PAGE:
Lent I – 2015

The First Sunday in Lent

The Epistle. II Corinthians 6. 1.

Brethren: We then, as workers together with him, beseech you also, that you receive not the grace of God in vain; (for he saith: I have heard thee in a time accepted, and in the day of salvation have I succored thee: behold, now is the accepted time: behold, now is the day of salvation) giving no offence in any thing, that the ministry be not blamed: but in all things approving ourselves as the ministers of God, in much patience, in afflictions, in necessities, in distresses, in stripes, in imprisonments, in tumults, in labors, in watchings, in fastings: by pureness, by knowledge, by long-suffering, by kindness, by the Holy Ghost, by love unfeigned, by the word of truth, by the power of God: by the armor of righteousness on the right hand and on the left: by honor and dishonor, by evil report and good report: as deceivers, and yet true: as unknown and yet well known: as dying, and behold, we live; as chastened, and not killed: as sorrowful, yet always rejoicing: as poor, yet making many rich: as having nothing, and yet possessing all things.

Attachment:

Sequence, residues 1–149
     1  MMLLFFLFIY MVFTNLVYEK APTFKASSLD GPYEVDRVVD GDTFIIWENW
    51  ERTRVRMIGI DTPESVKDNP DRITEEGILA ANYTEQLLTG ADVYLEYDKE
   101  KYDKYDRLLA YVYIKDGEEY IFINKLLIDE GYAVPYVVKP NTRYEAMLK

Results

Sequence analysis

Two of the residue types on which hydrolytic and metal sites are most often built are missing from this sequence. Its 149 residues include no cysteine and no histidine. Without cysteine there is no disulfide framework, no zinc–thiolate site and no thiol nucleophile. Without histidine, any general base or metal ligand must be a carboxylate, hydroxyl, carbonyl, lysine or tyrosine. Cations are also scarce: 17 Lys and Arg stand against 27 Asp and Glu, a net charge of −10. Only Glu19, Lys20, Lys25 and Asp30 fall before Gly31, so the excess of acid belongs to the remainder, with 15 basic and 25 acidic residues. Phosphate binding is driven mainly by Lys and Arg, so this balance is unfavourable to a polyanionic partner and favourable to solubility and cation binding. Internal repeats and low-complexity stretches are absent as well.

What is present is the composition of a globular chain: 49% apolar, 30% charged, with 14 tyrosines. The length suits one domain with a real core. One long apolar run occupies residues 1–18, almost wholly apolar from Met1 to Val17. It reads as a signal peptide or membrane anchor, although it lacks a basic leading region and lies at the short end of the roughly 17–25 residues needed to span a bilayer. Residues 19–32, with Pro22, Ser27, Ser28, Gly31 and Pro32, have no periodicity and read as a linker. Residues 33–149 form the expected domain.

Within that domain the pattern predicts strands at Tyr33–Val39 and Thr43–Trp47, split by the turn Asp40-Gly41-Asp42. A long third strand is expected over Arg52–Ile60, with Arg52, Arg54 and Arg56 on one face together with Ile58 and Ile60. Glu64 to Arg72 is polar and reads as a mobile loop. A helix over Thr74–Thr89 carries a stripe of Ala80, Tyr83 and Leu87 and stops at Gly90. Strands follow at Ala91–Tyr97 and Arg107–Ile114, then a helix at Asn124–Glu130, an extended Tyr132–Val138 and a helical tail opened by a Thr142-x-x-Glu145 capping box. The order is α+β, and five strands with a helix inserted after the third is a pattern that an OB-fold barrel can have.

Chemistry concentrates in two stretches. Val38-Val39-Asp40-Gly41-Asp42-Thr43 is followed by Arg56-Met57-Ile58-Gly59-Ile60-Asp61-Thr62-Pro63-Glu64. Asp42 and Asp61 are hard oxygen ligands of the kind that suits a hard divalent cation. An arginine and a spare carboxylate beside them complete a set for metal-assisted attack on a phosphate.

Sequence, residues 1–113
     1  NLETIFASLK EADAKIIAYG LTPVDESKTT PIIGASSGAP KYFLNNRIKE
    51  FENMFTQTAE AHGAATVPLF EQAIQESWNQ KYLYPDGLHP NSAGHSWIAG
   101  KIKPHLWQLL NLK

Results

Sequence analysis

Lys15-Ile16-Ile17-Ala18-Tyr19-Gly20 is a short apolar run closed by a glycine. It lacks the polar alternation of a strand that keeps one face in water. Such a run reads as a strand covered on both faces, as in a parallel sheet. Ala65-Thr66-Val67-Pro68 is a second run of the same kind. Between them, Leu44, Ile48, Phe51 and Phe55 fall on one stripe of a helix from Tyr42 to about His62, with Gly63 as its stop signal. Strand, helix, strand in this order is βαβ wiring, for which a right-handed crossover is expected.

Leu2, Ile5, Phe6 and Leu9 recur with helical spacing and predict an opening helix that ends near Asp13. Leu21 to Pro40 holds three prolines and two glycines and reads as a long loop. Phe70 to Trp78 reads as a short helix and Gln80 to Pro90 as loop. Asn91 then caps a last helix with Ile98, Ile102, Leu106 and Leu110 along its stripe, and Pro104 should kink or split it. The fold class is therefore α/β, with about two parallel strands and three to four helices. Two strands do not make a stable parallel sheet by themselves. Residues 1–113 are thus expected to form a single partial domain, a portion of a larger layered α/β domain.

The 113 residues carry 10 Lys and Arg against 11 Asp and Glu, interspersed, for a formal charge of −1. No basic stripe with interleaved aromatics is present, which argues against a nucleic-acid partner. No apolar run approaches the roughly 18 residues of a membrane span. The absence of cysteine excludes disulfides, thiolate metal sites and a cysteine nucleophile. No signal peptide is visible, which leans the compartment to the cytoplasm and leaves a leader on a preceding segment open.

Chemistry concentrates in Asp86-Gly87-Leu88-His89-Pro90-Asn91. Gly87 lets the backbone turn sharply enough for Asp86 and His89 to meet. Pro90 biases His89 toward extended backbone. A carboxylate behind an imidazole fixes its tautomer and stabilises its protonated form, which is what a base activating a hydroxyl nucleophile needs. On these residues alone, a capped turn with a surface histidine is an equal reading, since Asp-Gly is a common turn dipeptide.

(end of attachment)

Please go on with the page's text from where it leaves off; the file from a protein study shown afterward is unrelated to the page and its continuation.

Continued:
In today’s Epistle we are once again presented with St. Paul’s penchant for making lists. It sometimes seems that the Apostle was incapable of writing a letter without including some recitation of all he has personally suffered, or providing a compilation of what a good Christian must endure. Today’s selection from the second letter to the Corinthians is no exception; indeed, this particular passage inspired St. Chrysostom to refer to it as the “blizzard of troubles” (and no, Chrysostom never lived in Cleveland).

But as always, St. Paul does not write of these “troubles” in order to make himself look more holy, or more put-upon, than his fellow Christians, nor does he leave his audience without hope. Rather, he tells us how we may use such sufferings to the benefit of the Church, and the greater glory of God. Of course, this is of particular significance to us during the Lenten season.